A Scandi Midsummer Feast

North Sea Prawn

Prawns, Lemon & Norwegian Mayo (from a tube no less)

Prawn Skagen Crisps on Peter's Yard ace sourdough crispbread

Wye Valley Strawberries & Rodda's Cornish Clotted Cream

Midsummer is traditionally marked across all the Scandinavian countries with celebrations, festivals and even bonfires – in some countries the festivities go on for the entire week of summer solstice, in others you’ll find the feasting restricted to the 21st or 23rd of June.

Flowers are picked, good food is shared and there is a steady trickle of booze to lubricate everyone well into the morning. Songs are sung and as long as the weather holds, much of the midsummer celebrations take place outdoors. Because it’s light virtually 24 hours at this time of year you don’t sleep much – something I relished as a child, using the excuse of midsummer insomnia to read all my favourite comic books late into the night, not to mention the excuse to snack on strawberries from my grandparents’ strawberry patch on their farm.

As mentioned, food is a big part of midsummer festivities and a quintessential Scandi midsummer feast might feature freshly caught fish, homemade meatballs or fat bowls overflowing with delicious, sweet North Sea prawns, like the ones you see here. You can also use these tasty aquatic critters to make sexy little canapes as I did recently for a book signing at my local design and gift shop Something – simply butter some Peter’s Yard sourdough crispbread, then gently dollop on some mayonnaise, top with a couple of peeled prawns and add a spritz of lemon juice. Finally garnish with some lumpfish or salmon roe, and a thimblefull of fresh dill. The best fast food in the world, bar none.

Those who know me will tell you I have a particular penchant for these sweet North Sea prawns, preferring them to their beefy Pacific cousins which I find quite bland and flavourless. So when my dad brought a box o’ real prawns back from Bergen recently (they’re expensive and hard to source in the UK) we sat down en famille and peeled dozens of prawns, making sure not to throw away the umami-rich roe, and ate them on white baguette bread with mayo, lemon and thin slices of cucumber. A glass of Schloss Vollrads Riesling – I forget the year, frankly I was too absorbed in quaffing the wine – married perfectly with this simple Midsummer supper.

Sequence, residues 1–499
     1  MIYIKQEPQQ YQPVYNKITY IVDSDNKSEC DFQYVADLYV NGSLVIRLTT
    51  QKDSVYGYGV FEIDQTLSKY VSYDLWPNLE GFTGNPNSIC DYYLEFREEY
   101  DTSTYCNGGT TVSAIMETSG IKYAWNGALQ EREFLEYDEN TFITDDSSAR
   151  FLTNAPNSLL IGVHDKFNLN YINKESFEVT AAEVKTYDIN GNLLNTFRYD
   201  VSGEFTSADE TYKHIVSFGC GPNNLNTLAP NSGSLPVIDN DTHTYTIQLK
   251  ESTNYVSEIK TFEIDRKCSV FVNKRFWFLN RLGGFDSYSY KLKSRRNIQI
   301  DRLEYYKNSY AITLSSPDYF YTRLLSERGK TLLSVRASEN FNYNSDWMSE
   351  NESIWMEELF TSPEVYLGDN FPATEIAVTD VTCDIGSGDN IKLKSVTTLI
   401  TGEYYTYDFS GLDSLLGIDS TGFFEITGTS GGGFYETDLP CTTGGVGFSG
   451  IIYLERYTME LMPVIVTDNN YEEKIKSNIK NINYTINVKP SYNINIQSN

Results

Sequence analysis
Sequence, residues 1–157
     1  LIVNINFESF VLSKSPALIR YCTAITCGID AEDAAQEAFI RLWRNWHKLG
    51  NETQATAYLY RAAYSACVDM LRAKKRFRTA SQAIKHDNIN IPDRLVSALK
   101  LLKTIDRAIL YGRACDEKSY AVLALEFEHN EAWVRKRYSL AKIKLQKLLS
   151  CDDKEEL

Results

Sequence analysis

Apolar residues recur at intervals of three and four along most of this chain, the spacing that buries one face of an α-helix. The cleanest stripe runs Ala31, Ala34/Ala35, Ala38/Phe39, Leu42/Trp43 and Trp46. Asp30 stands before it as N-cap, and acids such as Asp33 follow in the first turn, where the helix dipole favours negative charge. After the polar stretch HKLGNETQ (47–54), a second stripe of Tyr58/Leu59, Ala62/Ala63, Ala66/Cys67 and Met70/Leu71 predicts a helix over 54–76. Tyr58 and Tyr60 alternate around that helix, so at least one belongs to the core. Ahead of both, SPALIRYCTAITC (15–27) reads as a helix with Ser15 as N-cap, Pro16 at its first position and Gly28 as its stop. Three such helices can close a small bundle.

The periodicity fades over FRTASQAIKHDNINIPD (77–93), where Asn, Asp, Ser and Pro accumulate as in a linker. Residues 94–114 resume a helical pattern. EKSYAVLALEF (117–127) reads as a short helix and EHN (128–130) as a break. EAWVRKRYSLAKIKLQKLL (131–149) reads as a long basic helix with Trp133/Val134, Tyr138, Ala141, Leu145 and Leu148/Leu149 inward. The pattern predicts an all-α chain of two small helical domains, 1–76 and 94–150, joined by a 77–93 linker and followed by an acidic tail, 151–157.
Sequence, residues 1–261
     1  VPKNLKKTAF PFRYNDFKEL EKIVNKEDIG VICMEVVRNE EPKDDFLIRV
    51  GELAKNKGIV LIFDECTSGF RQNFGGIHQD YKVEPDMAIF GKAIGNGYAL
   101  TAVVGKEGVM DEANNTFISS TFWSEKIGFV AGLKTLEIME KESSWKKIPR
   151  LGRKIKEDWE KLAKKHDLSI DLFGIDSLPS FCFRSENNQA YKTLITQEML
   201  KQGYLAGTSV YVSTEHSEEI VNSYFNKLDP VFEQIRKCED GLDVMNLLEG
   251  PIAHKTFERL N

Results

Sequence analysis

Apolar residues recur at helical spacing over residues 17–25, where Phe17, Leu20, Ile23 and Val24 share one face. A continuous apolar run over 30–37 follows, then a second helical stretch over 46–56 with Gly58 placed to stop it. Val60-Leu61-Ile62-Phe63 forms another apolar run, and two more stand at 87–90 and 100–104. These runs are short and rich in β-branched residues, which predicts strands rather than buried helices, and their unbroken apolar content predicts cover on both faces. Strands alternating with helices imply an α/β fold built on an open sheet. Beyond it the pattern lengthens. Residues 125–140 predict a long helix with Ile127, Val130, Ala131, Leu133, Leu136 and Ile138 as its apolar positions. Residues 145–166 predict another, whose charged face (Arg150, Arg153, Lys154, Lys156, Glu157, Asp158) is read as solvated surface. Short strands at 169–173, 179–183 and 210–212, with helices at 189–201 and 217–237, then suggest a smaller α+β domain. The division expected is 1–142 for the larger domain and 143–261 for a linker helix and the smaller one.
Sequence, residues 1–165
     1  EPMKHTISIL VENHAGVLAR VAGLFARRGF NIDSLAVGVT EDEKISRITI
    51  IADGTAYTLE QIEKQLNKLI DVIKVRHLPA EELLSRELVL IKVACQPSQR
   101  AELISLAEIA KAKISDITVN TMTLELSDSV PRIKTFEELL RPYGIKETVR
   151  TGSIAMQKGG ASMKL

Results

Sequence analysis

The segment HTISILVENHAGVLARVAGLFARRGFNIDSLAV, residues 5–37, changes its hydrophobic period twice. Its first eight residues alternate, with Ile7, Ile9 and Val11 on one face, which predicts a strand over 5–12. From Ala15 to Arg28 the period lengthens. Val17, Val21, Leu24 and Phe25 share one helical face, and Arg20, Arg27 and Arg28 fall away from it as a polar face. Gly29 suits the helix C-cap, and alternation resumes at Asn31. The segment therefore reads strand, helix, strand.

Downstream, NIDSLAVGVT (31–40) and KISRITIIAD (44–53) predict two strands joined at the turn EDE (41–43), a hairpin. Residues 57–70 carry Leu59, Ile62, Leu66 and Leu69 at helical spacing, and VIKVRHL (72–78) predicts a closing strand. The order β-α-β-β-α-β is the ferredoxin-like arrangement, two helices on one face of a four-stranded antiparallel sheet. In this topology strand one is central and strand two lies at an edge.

And solstice celebrations wouldn’t be the same without a plate of crimson strawberries sprinkled with a tiny bit of sugar and cushioned with a cloud of Rodda’s Cornish clotted cream. This may not be strictly Scandinavian (and the strawberries were from the Wye Valley so it’s an all-Brit dessert!) but the coupling of strawberries n’ cream is as traditional in Scandiland as it is over here. But I will admit that Cornish clotted cream knocks the socks off plain old double cream any day.

So there you have it, a Scandi midsummer feast. Simple, elegant and delicious. What midsummer treats do you have in store for this week I wonder?

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11 Responses to A Scandi Midsummer Feast

  1. goodshoeday says:

    Sounds fab, I really must get you to try some of the smoked prawns from Suffolk, same lovely sweetness with the added complexity of the smoke. Totally yum.

  2. Meeta says:

    Staying up all night was Soeren’s excuse last year when we were in Norway. He kept saying that if the sun does not sleep how can he! We were hoping to get to Stockholm this week to be a part of the festivities but we’ve had to postpone the trip. Now I wish we had not! I’ve always wanted to be a part of these Midsummer Feast – thanks to you I can be at least virtually!

  3. Lynne says:

    I hope you kept all those lovely shells to make a stock for risotto?

    Shell-on prawns are wonderful, I think you can get that at most fishmongers. Are they very different to the Bergen ones you had?

    • Signe says:

      The ones we get in Bergen are hard to source here, and when you do they’re really expensive but shall keep looking. The shells make great stock so naturally we kept them and boiled them for later use :)

  4. Midsummer is such a special celebration! I am planning to make a little treat for us here in Sydney, although instead of midsummer we are of course in the midst of winter!

    • Signe says:

      Maria that must be quite surreal! Agree midsummer is a wonderful celebration across all the Scandinavian countries, such a fun time of the year x

  5. Shayma says:

    Lovely meal- must be so much fun to have this food with your friends and loved ones. I wonder if n sea prawns are like british columbia spot prawns, also sweet- in fact, i liken them to lobster meat. X shayma

    • Signe says:

      Shayma I suspect they might be similar to lobster meat, these ones we get from Norway are really sweet and delicate. It’s great food for sharing with friends – simple fuss-free dinners :) x

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